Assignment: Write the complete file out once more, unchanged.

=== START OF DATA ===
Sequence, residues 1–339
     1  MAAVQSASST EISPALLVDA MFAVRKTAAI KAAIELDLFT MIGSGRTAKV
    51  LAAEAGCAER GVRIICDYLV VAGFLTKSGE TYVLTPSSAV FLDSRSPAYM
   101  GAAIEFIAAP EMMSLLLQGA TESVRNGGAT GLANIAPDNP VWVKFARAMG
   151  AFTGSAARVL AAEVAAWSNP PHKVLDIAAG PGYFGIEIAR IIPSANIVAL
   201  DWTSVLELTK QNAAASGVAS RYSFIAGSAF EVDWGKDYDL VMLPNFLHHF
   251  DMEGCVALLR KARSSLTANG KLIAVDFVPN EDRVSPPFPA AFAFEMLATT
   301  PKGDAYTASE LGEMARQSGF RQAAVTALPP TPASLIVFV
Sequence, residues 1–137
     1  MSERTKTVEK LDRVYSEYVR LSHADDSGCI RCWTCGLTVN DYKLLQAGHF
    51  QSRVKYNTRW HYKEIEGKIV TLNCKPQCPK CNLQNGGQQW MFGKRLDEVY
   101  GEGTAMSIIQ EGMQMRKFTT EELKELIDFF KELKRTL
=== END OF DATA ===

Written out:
Sequence, residues 1–339
     1  MAAVQSASST EISPALLVDA MFAVRKTAAI KAAIELDLFT MIGSGRTAKV
    51  LAAEAGCAER GVRIICDYLV VAGFLTKSGE TYVLTPSSAV FLDSRSPAYM
   101  GAAIEFIAAP EMMSLLLQGA TESVRNGGAT GLANIAPDNP VWVKFARAMG
   151  AFTGSAARVL AAEVAAWSNP PHKVLDIAAG PGYFGIEIAR IIPSANIVAL
   201  DWTSVLELTK QNAAASGVAS RYSFIAGSAF EVDWGKDYDL VMLPNFLHHF
   251  DMEGCVALLR KARSSLTANG KLIAVDFVPN EDRVSPPFPA AFAFEMLATT
   301  PKGDAYTASE LGEMARQSGF RQAAVTALPP TPASLIVFV
Sequence, residues 1–137
     1  MSERTKTVEK LDRVYSEYVR LSHADDSGCI RCWTCGLTVN DYKLLQAGHF
    51  QSRVKYNTRW HYKEIEGKIV TLNCKPQCPK CNLQNGGQQW MFGKRLDEVY
   101  GEGTAMSIIQ EGMQMRKFTT EELKELIDFF KELKRTL